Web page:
WWF applauds pledge to hold global meeting on treaty to stop marine plastic pollution | WWF
WWF applauds pledge to hold global meeting on treaty to stop marine plastic pollution

Posted on 23 February 2021

WWF commends the governments of Ecuador, Germany and Ghana for committing to hold a global ministerial conference on plastic pollution later this year
Gland, 23 February 2021 The governments of Germany, Ecuador and Ghana today pledged to hold a global meeting towards the end of the third quarter of this year to drive through plans to establish an international treaty to stop marine plastic pollution once and for all. The announcement was made today at the Fifth Session of the United Nations Environment Assembly (UNEA-5),  the world’s top environmental decision-making body attended by government leaders, businesses, civil society and environmental activists, which met virtually this week under the theme “Strengthening Actions for Nature to Achieve the Sustainable Development Goals”.
Responding to the news, Eirik Lindebjerg, Global Plastic Policy Manager, WWF-International, said:
 
“WWF welcomes the commitment from the governments of Ecuador, Germany and Ghana to champion the development of a global treaty to stop marine plastic pollution and commends them on taking the initiative to organise a global ministerial conference on plastic pollution later this year. This meeting will provide an invaluable opportunity for countries to advance the development of this treaty, which already counts on the support of approximately 70 governments, 50 businesses and more than two million people who called for a global agreement which would establish common targets and national action plans to address marine plastic pollution. Now is the time for all countries to turn these commitments into bold action.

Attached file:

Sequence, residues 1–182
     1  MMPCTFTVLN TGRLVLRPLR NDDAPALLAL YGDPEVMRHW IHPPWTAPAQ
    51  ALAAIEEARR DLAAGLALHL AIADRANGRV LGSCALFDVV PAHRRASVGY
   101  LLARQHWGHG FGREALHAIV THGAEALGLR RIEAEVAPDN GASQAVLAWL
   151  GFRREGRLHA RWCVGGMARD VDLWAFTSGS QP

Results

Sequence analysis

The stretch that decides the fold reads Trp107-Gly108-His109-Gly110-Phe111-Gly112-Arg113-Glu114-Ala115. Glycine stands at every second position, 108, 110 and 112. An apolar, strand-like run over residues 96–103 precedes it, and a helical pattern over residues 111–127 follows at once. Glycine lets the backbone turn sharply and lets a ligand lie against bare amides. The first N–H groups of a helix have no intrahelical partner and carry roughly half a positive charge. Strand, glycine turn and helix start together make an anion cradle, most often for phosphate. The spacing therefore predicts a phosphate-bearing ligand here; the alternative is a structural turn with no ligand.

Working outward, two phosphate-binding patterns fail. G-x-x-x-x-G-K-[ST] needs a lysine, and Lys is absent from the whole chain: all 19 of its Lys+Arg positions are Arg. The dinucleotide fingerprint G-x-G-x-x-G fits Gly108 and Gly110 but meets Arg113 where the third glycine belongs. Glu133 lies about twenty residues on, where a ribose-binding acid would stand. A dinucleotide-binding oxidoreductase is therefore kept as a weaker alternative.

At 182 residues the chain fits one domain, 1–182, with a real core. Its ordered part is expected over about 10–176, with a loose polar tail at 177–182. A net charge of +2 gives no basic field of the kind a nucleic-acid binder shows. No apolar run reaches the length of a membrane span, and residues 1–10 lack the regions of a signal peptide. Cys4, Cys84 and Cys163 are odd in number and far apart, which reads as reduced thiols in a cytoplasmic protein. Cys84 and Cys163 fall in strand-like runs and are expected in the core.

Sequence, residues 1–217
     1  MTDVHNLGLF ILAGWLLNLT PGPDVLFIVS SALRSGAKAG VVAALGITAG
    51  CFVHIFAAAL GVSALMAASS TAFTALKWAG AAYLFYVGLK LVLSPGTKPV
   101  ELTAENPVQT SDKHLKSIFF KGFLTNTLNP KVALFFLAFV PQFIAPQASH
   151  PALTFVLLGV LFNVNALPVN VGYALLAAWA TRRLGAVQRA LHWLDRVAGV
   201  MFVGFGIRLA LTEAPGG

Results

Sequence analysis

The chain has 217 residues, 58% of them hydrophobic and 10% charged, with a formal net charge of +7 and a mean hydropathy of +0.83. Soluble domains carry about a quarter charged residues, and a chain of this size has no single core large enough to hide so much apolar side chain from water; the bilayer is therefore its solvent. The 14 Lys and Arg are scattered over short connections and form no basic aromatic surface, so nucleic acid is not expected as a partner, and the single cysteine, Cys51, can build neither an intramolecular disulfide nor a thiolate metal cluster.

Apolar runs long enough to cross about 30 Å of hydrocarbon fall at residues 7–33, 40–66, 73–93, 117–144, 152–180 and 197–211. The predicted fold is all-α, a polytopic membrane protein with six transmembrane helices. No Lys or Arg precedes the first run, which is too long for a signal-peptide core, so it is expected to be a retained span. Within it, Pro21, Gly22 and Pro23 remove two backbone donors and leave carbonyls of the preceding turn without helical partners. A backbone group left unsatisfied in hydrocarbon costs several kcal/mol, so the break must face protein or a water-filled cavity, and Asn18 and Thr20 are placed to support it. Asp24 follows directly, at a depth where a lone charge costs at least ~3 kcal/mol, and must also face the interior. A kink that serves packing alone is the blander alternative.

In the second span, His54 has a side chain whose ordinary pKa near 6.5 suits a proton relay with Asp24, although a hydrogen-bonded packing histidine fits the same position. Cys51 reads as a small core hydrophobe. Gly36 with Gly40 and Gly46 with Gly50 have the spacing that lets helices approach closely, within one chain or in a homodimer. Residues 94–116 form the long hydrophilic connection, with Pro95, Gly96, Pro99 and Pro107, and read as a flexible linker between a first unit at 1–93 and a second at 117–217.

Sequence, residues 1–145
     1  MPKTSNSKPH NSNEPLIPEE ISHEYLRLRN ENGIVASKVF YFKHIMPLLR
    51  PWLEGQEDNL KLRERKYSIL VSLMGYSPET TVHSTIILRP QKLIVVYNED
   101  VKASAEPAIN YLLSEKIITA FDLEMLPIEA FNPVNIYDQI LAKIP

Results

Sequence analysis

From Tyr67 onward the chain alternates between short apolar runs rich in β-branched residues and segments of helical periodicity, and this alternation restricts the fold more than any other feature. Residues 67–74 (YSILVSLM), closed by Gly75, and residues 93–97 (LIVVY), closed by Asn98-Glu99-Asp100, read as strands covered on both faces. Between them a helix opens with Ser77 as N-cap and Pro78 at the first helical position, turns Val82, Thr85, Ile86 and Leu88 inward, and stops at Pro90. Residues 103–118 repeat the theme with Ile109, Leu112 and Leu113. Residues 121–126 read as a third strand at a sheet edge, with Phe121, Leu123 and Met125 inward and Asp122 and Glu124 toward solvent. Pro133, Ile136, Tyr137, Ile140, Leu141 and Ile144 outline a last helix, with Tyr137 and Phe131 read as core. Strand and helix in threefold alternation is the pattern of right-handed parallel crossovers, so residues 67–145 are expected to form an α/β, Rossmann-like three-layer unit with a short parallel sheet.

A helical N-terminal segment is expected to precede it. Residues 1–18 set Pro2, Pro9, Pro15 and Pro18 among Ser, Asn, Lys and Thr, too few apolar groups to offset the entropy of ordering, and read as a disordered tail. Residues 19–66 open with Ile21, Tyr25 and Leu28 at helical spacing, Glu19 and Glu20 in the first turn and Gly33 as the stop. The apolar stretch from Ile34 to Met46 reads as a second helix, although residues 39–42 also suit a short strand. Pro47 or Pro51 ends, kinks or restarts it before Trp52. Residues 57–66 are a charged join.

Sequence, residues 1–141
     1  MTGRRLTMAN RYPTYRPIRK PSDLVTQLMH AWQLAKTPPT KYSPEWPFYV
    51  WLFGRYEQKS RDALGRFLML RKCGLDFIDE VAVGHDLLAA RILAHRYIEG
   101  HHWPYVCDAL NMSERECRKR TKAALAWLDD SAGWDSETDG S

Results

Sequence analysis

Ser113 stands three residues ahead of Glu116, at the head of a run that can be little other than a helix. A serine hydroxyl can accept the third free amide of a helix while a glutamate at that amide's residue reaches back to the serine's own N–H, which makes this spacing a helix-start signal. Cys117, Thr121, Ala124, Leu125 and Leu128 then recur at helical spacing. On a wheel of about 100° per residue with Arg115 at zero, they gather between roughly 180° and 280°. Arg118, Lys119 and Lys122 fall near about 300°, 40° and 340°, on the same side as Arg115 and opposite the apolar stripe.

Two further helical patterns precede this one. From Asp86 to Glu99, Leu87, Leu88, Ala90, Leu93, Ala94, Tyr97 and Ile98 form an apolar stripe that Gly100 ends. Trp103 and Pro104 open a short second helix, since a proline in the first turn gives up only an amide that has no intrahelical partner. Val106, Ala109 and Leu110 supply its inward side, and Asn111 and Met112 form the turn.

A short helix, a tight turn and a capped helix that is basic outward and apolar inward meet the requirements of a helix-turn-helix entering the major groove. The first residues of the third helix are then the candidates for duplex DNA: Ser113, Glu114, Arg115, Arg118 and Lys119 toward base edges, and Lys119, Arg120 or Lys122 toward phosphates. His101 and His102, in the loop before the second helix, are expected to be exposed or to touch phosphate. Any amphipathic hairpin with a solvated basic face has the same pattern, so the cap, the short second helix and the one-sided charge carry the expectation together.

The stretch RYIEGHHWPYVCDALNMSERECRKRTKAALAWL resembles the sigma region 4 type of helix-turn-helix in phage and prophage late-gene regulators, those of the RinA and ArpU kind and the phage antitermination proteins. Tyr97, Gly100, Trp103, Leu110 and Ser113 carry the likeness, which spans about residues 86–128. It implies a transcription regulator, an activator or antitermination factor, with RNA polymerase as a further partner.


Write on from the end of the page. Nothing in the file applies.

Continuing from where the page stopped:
A staggering 11 million tonnes of plastic enter our oceans every year, causing devastating effects to marine ecosystems, killing thousands of marine mammals - including endangered Hawaiian monk seals and Pacific loggerhead sea turtles - and contaminating our food chains, water and air. Unless urgent global action is taken, plastic pollution is set to double by 2030. Only a coordinated global response which holds to account both businesses and governments can put a stop to this scourge on our planet.”
Green sea turtle (Chelonia mydas) with a plastic bag, Moore Reef, Great Barrier Reef, Australia. The bag was removed by the photographer before the turtle had a chance to eat it.
© Troy Mayne / WWF